Nosebleeds in Dogs – Pet tip 109
A nosebleed in humans is a condition that happens from time to time often as a result of dryness. Normally it’s not that serious and stops on its own or we go see a doctor who helps solve the problem. Nosebleeds in dogs (called epistaxis) are a different story. Due to the fact that dogs can’t tell us anything verbally, a whole battery of tests may need to be done if the problem is not easily visible. An easily visible and thankfully easily diagnosable problem would be some foreign body lodged in the nasal canal or trauma to the nose itself through an accident or rough play. This happens pretty frequently in younger dogs as a result of mischief. Nosebleeds also happen frequently in all dogs as a result of sniffing. Dogs frequently sniff vegetation and it can get lodged deep into their nasal cavities and cause bleeding. Usually these types of foreign nasal blockages cause involuntary sneezing to try dislodge the object. This sneezing itself can cause further bleeding and exacerbate the problem. In cases such as these, you quickly bring your dog to the veterinarian. The vet takes a look through a scope, removes the foreign body and the problem is normally solved with very minor consequences.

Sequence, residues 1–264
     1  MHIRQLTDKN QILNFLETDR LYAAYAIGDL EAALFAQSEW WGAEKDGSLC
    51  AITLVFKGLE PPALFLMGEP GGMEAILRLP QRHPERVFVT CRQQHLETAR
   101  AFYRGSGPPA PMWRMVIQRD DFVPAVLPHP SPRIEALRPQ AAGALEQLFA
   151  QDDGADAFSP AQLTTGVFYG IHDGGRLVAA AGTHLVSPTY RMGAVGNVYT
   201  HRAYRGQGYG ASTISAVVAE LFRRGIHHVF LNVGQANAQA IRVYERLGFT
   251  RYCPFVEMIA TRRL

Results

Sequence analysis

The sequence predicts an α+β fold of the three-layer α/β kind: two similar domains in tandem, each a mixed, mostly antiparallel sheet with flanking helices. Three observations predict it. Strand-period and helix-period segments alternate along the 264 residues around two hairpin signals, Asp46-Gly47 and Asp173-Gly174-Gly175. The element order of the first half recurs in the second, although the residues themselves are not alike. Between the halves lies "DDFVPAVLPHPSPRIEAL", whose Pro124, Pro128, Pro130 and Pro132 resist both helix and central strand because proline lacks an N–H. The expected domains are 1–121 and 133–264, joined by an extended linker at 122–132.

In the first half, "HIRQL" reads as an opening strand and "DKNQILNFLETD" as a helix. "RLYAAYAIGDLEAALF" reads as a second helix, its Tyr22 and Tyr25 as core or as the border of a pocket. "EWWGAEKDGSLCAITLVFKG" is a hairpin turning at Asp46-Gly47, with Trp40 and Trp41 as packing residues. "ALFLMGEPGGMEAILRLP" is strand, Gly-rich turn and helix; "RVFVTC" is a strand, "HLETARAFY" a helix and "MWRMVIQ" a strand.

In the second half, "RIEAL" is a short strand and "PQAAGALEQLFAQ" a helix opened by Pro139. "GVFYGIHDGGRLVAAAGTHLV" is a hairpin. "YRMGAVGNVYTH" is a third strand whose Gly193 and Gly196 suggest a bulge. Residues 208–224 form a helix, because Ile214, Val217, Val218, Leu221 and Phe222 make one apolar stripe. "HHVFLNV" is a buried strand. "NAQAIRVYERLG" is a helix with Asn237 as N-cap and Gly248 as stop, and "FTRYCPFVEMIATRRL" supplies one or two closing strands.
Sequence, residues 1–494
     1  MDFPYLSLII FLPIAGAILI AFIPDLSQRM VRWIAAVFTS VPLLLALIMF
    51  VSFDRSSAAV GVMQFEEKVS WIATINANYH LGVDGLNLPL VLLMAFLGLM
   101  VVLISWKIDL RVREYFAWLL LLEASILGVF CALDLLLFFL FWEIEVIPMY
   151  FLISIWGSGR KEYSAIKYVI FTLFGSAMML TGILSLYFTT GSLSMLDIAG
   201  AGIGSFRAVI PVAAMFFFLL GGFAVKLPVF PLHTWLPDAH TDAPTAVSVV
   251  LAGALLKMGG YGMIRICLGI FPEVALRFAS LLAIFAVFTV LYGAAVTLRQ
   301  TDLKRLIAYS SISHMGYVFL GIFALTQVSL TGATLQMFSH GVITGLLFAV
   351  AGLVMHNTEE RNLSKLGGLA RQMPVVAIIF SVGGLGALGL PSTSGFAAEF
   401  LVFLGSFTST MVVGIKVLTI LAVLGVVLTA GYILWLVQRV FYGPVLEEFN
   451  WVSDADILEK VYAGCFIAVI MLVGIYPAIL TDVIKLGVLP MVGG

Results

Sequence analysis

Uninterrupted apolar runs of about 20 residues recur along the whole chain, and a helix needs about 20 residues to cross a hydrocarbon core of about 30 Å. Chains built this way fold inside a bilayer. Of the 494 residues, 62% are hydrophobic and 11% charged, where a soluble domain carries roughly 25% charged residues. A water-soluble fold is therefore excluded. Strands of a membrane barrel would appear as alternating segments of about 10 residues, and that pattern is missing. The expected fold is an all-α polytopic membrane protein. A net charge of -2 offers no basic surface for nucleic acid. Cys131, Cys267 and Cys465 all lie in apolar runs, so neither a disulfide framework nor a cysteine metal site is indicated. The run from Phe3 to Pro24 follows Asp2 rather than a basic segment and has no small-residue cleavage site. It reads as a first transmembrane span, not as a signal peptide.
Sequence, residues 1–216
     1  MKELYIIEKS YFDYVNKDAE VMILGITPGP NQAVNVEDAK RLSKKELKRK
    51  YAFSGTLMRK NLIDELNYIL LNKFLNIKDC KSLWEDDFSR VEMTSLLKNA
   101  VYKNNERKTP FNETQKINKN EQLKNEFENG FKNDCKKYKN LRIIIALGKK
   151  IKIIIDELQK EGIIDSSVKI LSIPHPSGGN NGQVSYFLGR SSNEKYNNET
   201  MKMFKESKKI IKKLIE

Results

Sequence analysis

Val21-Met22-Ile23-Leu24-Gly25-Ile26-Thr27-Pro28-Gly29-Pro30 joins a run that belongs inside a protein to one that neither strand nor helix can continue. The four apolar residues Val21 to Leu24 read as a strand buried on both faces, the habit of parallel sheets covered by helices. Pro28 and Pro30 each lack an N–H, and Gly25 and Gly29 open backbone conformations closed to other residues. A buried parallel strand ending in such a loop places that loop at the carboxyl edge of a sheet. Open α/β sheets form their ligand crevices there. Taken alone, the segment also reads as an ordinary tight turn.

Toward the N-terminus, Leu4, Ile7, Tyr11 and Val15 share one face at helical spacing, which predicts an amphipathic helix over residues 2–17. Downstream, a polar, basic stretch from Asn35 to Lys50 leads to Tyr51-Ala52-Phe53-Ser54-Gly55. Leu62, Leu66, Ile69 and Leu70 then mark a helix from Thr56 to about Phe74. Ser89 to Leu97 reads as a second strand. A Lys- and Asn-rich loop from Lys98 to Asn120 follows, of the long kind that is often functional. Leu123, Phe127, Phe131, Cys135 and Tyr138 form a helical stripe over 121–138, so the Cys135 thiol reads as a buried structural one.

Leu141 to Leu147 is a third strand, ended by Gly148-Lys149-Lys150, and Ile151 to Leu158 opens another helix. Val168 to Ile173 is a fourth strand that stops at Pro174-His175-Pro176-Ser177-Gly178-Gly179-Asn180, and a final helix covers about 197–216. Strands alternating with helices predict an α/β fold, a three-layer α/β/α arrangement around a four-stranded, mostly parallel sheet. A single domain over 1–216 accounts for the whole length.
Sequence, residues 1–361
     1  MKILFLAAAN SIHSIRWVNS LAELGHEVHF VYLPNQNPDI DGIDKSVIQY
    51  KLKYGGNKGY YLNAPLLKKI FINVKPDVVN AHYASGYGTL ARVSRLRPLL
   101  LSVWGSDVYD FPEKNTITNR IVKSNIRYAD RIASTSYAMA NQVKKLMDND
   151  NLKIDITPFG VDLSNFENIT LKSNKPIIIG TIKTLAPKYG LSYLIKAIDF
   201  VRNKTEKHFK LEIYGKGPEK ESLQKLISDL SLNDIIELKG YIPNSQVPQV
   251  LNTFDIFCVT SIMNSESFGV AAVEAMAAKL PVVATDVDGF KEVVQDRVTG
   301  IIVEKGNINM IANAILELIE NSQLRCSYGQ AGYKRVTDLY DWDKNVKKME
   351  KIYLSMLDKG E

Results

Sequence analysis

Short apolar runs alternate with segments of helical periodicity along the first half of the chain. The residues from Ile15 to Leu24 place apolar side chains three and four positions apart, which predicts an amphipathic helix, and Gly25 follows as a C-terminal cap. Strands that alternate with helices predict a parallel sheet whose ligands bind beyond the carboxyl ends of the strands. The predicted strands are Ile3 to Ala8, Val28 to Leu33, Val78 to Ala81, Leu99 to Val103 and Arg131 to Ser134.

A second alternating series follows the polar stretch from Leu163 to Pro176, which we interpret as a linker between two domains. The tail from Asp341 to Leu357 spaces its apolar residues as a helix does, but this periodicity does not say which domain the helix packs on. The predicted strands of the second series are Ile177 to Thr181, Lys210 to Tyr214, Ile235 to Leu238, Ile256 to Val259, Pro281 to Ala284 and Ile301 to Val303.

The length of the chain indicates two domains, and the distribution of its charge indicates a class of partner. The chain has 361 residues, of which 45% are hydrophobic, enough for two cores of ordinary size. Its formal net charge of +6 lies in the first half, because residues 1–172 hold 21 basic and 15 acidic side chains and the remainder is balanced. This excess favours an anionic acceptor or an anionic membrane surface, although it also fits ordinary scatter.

If the problem is not a foreign body lodged in the nasal canal, sometimes a vet can still take a look with a scope and easily see a problem that is quickly diagnosable. The veterinarian may notice a polyp or tumour, or signs of an infection caused by bacteria, a fungus or a virus. Unfortunately though, when the problem is not apparent a battery of tests might need to be done to determine what is going on. Based on the dog’s breed and medical history, your veterinarian will determine which test to start with. Common tests that may need to be performed by a veterinarian when the causes of nosebleeds are not clear include; blood tests, urine tests, X-Rays, coagulation blood tests, fungal blood tests, rhinoscopy and possible biopsy.
Aside from the problems already mentioned, there are many possible problems that can lead to nose bleeds in dogs. Some of these problems include; sinus problems, bleeding disorders, liver disease, low platelets, platelet dysfunction, rodenticide poisoning and other coagulation diseases.
If your dog starts to bleed from its nose, of course the best and safest thing to do is bring it straight to a vet. Until you can get your pet to the vet, try to keep it still and relaxed. If your pet will allow you to place a cold compress on its nose with its head held upright, you can try that as well. Make sure that you don’t apply too much pressure on the compress since you probably don’t know what the problem is and pressure on an already sensitive bleeding nose is painful for your dog.